Company Hit By Huge Fine Over Worker Death

Tragedy Leads To Prosecution For Safety Failings

21.08.2014

A meat farm based in the Scottish Borders has been hit with a £100,000 fine after being prosecuted by the Health and Safety Executive over safety failings that led to the death of one of its staff on site.

Scottish Borders Abattoir was investigated by the Health and Safety Executive (HSE) after an incident at its premises in Galashiels, in which a member of staff, David Barker, was engaged in loosening fixings to the supporting frame of a partition door in January 2011.

As he removed the fixing that attached the frame to the ceiling of a container unit, the structure collapsed and trapped him by the neck, causing him to suffocate.

The HSE found the company had failed to provide Mr Barker with correct instructions, training or supervision for his work, no risk assessment had been carried out and the method of work used was unsafe. It said the incident could have been avoided with reasonable precautions in place.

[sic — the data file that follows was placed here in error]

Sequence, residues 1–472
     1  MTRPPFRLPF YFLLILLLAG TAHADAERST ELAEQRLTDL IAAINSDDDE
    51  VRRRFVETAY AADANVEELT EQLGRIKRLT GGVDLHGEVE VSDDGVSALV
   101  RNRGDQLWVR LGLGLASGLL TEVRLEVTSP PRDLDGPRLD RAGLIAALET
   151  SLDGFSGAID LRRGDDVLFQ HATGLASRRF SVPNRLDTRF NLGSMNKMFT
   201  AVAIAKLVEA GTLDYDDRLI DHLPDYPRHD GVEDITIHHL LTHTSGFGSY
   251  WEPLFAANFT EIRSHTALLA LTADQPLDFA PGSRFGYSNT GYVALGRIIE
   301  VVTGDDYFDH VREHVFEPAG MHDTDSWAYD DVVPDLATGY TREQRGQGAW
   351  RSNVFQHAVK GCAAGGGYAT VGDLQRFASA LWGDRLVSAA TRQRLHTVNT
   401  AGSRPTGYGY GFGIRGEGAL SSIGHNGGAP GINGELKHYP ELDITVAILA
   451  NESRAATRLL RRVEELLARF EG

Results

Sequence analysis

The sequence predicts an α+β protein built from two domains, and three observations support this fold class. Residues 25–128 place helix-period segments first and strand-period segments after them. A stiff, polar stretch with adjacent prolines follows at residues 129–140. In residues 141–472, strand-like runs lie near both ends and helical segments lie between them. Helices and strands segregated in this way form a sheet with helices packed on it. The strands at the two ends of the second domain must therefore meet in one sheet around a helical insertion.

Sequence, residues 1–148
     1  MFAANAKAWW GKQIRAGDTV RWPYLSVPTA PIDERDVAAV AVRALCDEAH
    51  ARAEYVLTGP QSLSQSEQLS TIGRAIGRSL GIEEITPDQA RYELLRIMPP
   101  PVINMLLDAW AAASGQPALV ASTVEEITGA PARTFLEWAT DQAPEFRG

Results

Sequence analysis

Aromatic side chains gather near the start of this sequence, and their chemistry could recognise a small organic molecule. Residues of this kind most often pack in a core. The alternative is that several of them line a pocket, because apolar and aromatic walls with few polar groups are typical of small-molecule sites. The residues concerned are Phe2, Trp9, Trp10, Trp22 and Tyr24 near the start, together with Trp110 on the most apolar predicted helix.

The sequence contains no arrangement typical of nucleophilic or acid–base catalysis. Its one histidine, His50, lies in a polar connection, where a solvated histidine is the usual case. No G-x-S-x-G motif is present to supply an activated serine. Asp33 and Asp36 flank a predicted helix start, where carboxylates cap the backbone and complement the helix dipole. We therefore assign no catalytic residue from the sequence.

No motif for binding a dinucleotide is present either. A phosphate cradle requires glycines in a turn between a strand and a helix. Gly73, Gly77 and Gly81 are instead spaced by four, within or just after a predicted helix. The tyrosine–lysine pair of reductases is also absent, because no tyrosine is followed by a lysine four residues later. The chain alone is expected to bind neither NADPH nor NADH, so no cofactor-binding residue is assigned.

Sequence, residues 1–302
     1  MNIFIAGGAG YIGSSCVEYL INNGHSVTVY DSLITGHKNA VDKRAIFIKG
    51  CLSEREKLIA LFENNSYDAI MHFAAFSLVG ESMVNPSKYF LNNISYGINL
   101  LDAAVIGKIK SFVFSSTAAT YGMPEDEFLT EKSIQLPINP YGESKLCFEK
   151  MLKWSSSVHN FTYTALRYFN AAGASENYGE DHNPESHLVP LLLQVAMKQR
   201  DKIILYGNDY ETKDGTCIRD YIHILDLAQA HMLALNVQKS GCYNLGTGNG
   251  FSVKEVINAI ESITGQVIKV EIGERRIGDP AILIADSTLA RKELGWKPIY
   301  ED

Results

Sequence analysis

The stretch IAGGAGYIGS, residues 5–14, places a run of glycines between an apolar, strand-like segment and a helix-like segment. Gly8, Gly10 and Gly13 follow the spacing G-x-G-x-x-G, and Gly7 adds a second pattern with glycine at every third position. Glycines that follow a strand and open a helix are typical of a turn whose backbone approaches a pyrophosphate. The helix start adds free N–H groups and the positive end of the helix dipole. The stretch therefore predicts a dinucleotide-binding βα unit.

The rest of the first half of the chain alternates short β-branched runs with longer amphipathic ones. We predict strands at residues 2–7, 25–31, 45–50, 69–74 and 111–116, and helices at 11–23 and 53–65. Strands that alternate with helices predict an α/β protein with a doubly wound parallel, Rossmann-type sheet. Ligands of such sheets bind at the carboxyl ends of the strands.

Scottish Borders Abbatoir pleaded guilty in the hearing at Jedburgh Sheriff Court to breaches of Section 2(1), Section 33(1)(a) and Section 33(1)(c) of the Health & Safety at Work Act 1974 and Regulation 3(1)(a) of the Management of Health and Safety at Work Regulations 1999, prompting the huge fine.

Head of the health and safety division of the Procurator Fiscal's Office Gary Aitken said: "Scottish Borders Abattoir Limited was today found guilty of contraventions of the Health & Safety at Work Act that led to the death of an employee.

"This was, sadly, an entirely avoidable tragedy which resulted in the loss of a loved one for the Barker family.

"Hopefully, today’s outcome will highlight the need for companies to keep the health and safety of their employees to the fore."

The prosecution was the second case in Scotland in less than a week in which a firm has been heavily fined over the death of an employee.

In the other case, Stonehaven-based animal feed firm East Coast Viners Grain was fined £240,000 after one of its workers was killed when an unsecured grain bill fell onto him from a forklift truck.